My name is Mwanarabu Mwambasa, and I come from Vihiga County in Western Kenya. I am 20 years old and I am educated up to class 8. I have lived with fistula for five years now, and this is my story.
At the age of 15 years, I fell pregnant. It was a relatively uneventful pregnancy since I didn’t experience any significant challenges. If only I could say the same of the labor!
When I went into labor, I trekked to the nearest public hospital where I had been undergoing my antenatal clinics. But I was in for a rude shock because the government nurses were on a nationwide strike, meaning there was no one giving care to patients and those seeking services, including pregnant women such as myself. There were only few volunteers, mostly retired nurses.
I was in labor for endless hours, just hoping for the best. Eventually, when the volunteers arrived to attend to me, they told me that my baby was already dead. Apparently, I had been in labor for too long. I was also informed me that because of my age and diminutive structure, I needed to have the foetus removed through a caesarean section. I was sad to hear that because I had been looking forward to becoming a mother. I was taken to theatre where they delivered my dead son. I went on to stay in hospital for two weeks as I recovered, where I continued being attended to by volunteers.
But my agony didn’t end there. Upon my return home, I noticed that I would wet myself like a baby. I couldn’t understand why this was the case, but I hoped that as my caesarean wound continued to heal, then the urine would stop leaking too. I nevertheless became ashamed and withdrawn because of the foul smell that would be with me constantly. It became very embarrassing to be in the presence of people, because they would begin holding their noses around me.
In fact, the most taunting comments came from my peers –fellow girls. They would refuse to hang out with me, and immediately walk away when I approached them, or when I walked into a room. I became so broken, to the point that I contemplated suicide. I was young, an outcast who was shunned by my friends. My son was dead, and I therefore felt that I had nothing to live for.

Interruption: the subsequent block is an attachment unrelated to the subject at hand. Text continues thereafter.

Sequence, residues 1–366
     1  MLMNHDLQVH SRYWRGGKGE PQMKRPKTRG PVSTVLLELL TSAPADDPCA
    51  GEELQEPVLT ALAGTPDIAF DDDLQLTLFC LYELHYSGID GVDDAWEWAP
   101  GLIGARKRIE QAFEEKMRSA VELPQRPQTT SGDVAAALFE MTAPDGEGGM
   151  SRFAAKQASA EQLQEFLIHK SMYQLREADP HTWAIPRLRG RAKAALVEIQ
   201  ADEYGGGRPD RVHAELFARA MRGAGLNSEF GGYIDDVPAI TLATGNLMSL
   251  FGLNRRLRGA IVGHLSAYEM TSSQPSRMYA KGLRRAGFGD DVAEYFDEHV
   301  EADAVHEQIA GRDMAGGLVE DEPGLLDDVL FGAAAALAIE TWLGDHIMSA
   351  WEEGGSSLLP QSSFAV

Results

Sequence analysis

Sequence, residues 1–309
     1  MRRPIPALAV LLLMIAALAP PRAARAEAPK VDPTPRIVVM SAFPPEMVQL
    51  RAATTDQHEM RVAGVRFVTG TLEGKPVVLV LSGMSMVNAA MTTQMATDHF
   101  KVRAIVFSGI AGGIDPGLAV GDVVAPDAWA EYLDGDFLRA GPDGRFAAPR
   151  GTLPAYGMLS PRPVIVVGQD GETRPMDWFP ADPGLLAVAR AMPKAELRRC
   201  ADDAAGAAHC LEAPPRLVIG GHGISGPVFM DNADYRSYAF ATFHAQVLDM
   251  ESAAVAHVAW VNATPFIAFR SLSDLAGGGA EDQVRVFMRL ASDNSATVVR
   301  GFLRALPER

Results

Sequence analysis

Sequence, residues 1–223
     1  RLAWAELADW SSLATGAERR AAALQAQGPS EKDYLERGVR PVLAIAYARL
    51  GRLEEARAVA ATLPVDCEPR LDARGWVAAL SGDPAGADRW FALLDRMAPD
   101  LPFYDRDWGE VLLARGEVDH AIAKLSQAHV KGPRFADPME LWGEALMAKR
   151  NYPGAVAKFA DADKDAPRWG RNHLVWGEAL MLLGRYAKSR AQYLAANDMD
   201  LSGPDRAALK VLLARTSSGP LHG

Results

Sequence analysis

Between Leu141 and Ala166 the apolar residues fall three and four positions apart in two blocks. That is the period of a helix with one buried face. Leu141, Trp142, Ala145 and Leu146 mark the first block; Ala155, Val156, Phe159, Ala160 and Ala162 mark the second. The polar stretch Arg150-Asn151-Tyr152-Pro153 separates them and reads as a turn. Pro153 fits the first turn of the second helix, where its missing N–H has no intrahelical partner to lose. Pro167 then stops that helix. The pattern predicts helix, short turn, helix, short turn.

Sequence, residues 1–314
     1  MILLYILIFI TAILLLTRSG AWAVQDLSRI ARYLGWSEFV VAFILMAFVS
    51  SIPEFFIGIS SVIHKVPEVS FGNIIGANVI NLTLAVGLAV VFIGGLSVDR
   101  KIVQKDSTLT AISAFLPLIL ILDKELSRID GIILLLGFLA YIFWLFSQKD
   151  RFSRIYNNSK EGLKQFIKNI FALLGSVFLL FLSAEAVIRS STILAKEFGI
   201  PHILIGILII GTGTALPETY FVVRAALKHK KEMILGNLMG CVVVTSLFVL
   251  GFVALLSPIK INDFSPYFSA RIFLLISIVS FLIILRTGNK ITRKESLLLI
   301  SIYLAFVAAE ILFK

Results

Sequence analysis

I decided to live a solitary life at home. I stopped going out to social places such as the church, to the market and other places where young girls would gather. I also decided to stop visiting friends, because while at their place, they would offer me a cup of tea or water to drink and immediately I did so, I would start leaking urine and hence stain their seats. I chose to stay home instead.
This went on for years until sometime in June this year, when a neighbor who works in Nairobi told me that there would be a free hospital camp for women who had a problem such as mine. Having witnessed the agony I had undergone over the years, and knowing I couldn’t afford the transport costs, she sent me money for my bus fare and I made my way to Kenyatta National Hospital (KNH) in Nairobi. When I got there, I was registered, evaluated by the doctors, and scheduled for the surgery, which went on successfully.
Today, as I recover at the KNH wards, I beam with happiness because I feel as though I am starting my life afresh. It has been a difficult five years where I was unable to accomplish much, because I was always in the house. Now I feel confident that I will be able to go out and even look for work and be able to earn my living.
I am grateful to all the people who made this surgery possible, because it helps people like me from the rural areas who are not able to afford such treatment. Thank you FDSA, FFF and other partners for giving me a new lease of life!